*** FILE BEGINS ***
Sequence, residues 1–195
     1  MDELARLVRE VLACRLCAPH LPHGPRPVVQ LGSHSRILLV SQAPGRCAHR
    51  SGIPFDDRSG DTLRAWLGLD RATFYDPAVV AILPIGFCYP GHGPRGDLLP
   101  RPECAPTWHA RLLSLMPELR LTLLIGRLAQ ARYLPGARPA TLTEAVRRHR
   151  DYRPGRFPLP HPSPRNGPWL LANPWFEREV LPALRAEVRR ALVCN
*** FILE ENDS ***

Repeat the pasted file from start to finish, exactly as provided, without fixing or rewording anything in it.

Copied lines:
Sequence, residues 1–195
     1  MDELARLVRE VLACRLCAPH LPHGPRPVVQ LGSHSRILLV SQAPGRCAHR
    51  SGIPFDDRSG DTLRAWLGLD RATFYDPAVV AILPIGFCYP GHGPRGDLLP
   101  RPECAPTWHA RLLSLMPELR LTLLIGRLAQ ARYLPGARPA TLTEAVRRHR
   151  DYRPGRFPLP HPSPRNGPWL LANPWFEREV LPALRAEVRR ALVCN